It was below freezing when Billy stepped outside of his home in Newark, Ohio. He tried to start his girlfriend’s car, but it wouldn’t start. He tried again. Nothing.
Somehow, though, they both needed to get from Newark to a methadone clinic in Columbus. Normally it’s a 45-minute drive, but with the snow, the wind and the roads, it was hard to tell how long it would take.
But they had to get there; the withdrawal was starting already. Sometimes, Billy said, when he’s driving to the clinic, it can be so bad. Despite the cold, he’ll have his windows rolled down, his shirt off. People passing him think he’s lost it.
So, just two days before Christmas, his mom came over and they all piled into her 2007 Ford Fusion.
From Newark to Columbus, the roads were treacherous – icy, barely plowed. The wind blew snow across the flat stretches before New Albany’s white fence began to cordon off the highway from clusters of townhomes. Billy’s mom could hardly see the road in front of her and white-knuckled the steering wheel at 25 miles per hour.
She was amazing, Billy said. It was the other drivers he worried about, like the pickup with an empty trailer that kept sliding around on I-670.
With the snow and ice and arctic temperatures, Billy’s trip that day, and the next two days, was epic – the lengths he had to go to get life-saving medicine. It’s not usually this intense, he said, but it’s a grind driving every day back and forth.
His situation isn’t unusual. For people using methadone to treat opioid use disorder (OUD), there are many hurdles. It’s the most regulated medicine in the United States. It must be dispensed at special clinics that are regulated not only by the state but by the Substance Abuse and Mental Health Services Administration (SAMHSA) and the Drug Enforcement Agency. Patients must attend counseling and have regular drug screens. It is unique, too, in that it is tied to a physical space, a clinic, which many users must visit every day.
Typically, clinics will allow one take-home dose a week (usually to cover the day a clinic is closed). When patients have been in treatment long enough, they may be eligible for more take-home doses.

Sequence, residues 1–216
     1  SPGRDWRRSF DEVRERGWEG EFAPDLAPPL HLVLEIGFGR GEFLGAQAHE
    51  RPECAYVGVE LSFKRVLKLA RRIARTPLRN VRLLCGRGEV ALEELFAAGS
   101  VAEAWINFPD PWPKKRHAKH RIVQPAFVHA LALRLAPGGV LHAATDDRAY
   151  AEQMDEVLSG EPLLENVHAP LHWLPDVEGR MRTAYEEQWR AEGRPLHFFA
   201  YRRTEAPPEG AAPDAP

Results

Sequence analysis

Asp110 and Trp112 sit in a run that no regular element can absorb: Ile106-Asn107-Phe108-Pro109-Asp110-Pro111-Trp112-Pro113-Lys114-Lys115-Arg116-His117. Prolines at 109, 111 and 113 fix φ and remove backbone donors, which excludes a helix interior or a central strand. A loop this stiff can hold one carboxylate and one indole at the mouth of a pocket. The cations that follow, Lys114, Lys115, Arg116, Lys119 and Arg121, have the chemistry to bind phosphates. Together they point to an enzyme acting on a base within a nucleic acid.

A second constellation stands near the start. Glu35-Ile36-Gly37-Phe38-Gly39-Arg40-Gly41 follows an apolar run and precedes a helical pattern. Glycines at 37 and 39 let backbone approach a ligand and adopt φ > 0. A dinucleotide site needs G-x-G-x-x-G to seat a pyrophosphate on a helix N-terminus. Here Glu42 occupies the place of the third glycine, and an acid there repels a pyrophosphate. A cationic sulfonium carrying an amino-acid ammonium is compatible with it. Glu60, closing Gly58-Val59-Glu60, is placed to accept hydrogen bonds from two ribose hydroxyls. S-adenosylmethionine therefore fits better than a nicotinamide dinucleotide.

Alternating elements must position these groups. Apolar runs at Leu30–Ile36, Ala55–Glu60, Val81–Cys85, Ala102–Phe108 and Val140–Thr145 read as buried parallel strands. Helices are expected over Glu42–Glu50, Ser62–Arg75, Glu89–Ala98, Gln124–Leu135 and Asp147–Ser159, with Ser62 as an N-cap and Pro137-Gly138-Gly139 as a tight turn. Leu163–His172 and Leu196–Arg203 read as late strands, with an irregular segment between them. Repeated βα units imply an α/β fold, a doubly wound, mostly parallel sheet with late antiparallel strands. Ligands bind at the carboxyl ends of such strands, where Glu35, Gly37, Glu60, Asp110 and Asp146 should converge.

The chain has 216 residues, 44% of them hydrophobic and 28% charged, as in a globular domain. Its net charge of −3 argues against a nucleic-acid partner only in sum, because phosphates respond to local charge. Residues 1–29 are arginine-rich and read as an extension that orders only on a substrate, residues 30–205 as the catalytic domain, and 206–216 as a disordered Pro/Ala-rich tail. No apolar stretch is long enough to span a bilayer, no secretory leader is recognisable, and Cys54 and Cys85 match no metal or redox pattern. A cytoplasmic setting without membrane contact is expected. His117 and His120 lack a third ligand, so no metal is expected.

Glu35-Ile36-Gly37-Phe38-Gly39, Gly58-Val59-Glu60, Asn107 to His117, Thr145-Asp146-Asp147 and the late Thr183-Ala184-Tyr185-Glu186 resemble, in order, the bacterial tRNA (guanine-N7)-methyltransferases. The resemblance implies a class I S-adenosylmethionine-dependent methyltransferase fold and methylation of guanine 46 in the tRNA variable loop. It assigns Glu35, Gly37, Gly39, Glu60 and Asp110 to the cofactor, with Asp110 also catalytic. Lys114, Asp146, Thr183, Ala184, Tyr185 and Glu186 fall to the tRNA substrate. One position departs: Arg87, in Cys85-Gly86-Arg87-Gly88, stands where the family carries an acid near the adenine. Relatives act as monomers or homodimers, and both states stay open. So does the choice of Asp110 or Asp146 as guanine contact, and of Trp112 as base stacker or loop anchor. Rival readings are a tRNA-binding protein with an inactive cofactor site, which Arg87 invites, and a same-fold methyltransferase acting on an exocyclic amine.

If Billy misses a visit, besides experiencing withdrawal, it can set him back in his treatment. To receive take-homes he must have two months of negative drug screens and attend all doctor and counseling appointments.
That’s why he was on the road during a Level 3 snow emergency.
It’s not perfect, but for him methadone is the best medication for addiction treatment he has tried. It has a long “half-life” which means it is longer acting, so patients using it to treat opioid use disorder are able to stabilize their lives in ways they might not be able to otherwise.
“It’s better than the alternative,” Billy said, “better than doing dope.”
Medication for Addiction Treatment
The COVID-19 pandemic presented a serious problem for the clinic model – all of those patients crowded into offices could spread the virus.
But in March of 2020, SAMSHA issued new rules allowing for more take-homes. Public insurers covered telemedicine visits, while some clinics waived urine screenings. Others allowed patients to designate a person to deliver take-homes. These were the first changes to the methadone model since the 1970s and it was, in a sense, a vast national experiment that revealed that extra take-homes didn’t lead to an increase in , or .
A from 2009 – considered one of the highest bars for research – concluded that methadone is effective because it keeps people in treatment and helps decrease illicit heroin use, lessening In a time when people are dying because of a poisoned drug supply, this is no small thing.
Jason (a pseudonym) uses methadone to treat opioid use disorder and to alleviate the pain that comes from complications related to his Type 1 diabetes. In an interview with his mother, she told me that he had tried other medications in the past – including naltrexone (Vivitrol) – but so far methadone has been the best fit.